I think in my view, the best Judge is someone who can demonstrate the best of both worlds. Someone who can be the whole Robo-Judge thing and put their emotions aside when required and deal with the facts, and yet when it is appropriate have the ability to emphasis with both parties, being able to put themselves in their place, while at the same time not allowing any personal views to interfere with that. So Empathy = Important, but must be controlled empathy.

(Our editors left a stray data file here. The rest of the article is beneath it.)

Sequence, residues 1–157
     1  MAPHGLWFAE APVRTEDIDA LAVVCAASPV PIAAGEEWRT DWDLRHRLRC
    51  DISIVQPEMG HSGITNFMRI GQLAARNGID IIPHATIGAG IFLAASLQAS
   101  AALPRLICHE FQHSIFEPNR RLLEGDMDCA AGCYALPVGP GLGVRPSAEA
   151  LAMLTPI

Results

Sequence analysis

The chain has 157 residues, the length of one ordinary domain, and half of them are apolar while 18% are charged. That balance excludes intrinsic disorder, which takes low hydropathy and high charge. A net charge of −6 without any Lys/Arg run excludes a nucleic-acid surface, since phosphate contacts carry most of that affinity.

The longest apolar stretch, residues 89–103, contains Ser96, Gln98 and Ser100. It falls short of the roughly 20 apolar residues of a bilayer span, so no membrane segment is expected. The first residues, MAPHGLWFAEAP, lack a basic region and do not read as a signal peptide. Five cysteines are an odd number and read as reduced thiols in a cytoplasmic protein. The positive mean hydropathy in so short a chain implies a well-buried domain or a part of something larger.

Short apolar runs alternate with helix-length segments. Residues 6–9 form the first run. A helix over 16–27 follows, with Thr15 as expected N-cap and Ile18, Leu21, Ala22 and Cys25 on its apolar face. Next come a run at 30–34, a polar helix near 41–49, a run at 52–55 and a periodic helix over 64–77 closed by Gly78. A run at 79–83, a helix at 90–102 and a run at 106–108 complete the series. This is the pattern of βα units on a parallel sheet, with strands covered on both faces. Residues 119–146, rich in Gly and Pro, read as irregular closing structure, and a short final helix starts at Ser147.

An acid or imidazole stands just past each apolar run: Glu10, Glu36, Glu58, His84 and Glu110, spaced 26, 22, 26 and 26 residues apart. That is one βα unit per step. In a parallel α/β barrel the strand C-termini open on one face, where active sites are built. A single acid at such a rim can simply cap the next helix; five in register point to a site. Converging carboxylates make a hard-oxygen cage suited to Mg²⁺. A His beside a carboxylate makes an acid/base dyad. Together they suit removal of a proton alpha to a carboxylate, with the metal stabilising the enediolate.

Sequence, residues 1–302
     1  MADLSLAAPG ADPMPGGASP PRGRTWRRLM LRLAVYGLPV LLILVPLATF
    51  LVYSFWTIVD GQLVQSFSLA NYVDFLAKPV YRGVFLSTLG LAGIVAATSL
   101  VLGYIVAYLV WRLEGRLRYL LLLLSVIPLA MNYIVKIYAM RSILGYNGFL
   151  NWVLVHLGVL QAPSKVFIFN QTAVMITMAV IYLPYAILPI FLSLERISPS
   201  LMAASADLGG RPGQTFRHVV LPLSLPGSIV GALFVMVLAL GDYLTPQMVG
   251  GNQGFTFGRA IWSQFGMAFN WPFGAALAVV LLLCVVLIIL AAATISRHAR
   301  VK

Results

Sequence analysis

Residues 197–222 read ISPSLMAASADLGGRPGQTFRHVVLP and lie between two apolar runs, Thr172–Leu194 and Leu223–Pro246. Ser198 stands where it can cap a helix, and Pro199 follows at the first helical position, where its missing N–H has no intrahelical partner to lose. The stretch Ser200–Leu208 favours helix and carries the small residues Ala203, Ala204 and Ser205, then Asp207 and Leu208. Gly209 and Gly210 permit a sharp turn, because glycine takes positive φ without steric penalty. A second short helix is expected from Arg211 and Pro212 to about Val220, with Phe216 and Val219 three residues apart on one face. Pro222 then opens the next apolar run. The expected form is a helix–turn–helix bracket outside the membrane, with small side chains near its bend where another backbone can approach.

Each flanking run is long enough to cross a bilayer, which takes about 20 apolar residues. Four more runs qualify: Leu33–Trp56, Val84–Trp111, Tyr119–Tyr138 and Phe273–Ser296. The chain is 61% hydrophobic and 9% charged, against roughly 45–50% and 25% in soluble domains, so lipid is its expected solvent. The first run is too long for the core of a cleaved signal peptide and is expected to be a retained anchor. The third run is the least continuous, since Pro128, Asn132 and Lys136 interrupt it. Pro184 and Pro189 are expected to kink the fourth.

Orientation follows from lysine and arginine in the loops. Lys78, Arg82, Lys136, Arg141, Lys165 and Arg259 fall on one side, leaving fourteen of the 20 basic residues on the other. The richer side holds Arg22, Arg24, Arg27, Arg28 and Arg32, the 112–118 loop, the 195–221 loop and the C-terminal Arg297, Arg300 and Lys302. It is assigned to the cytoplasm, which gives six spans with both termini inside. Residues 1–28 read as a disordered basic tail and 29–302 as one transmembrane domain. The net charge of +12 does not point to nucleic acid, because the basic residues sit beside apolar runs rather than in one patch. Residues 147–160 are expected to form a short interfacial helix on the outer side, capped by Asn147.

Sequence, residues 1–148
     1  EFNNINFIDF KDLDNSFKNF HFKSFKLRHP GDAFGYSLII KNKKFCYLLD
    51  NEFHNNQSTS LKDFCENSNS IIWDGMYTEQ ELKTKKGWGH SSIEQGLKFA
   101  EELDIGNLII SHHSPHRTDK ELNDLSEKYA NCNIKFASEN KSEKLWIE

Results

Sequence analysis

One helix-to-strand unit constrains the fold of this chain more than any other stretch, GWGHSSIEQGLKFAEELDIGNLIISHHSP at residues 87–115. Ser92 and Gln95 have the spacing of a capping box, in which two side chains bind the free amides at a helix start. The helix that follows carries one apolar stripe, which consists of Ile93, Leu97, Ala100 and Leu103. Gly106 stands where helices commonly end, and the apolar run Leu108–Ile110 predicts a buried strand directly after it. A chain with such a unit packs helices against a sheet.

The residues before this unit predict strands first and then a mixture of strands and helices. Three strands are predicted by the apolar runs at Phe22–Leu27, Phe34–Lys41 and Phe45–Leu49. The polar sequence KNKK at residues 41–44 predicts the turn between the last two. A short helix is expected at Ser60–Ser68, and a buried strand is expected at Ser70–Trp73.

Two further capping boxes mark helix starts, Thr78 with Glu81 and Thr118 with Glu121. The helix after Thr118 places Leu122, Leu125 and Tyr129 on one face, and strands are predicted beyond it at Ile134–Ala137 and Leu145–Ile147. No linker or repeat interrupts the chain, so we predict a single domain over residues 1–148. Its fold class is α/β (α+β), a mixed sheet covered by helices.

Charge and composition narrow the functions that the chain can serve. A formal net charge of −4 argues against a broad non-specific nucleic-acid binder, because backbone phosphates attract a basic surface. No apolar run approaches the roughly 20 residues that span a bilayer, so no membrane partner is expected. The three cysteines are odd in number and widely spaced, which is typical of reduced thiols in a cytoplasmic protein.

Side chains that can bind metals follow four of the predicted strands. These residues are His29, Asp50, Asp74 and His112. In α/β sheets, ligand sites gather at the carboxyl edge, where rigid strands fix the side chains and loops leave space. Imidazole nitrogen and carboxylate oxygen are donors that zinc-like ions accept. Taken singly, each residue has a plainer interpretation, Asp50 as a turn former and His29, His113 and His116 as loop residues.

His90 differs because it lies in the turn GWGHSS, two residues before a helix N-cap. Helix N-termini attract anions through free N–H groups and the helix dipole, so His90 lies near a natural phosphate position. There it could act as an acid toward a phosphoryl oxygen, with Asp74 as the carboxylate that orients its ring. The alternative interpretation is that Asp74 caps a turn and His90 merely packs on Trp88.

Point 3: An aside, but not really as let’s face it, it’s all about Roe v Wade, and even if it isn’t ALL about it, I think it’s 99% of it. Now putting aside my personal views in relation to abortion, I do think Roe v Wade is a great big cock up of epic proportions. Ignoring the content, and the never ending legal argument of if the Bill of Rights can be accurately applied to something never envisaged by the authors, my view can really be summed up quite simply. ANY law whereby if you present it to a panel of independent judges whose own personal views are slightly left of centre gives you one result but if you present it to a panel of independent judges whose own personal views are slightly right of centre gives you the exact opposite result is clearly a law not fit for purpose. You shouldn’t be able to switch out a couple of members of the Supreme Court and then get a completely different law than what was there yesterday. Law requires certainty, and it shouldn’t be a potential ping pong match whereby there are arguments both ways and ultimately it’s down to the combined personal feelings of a few people which way the law actually applies.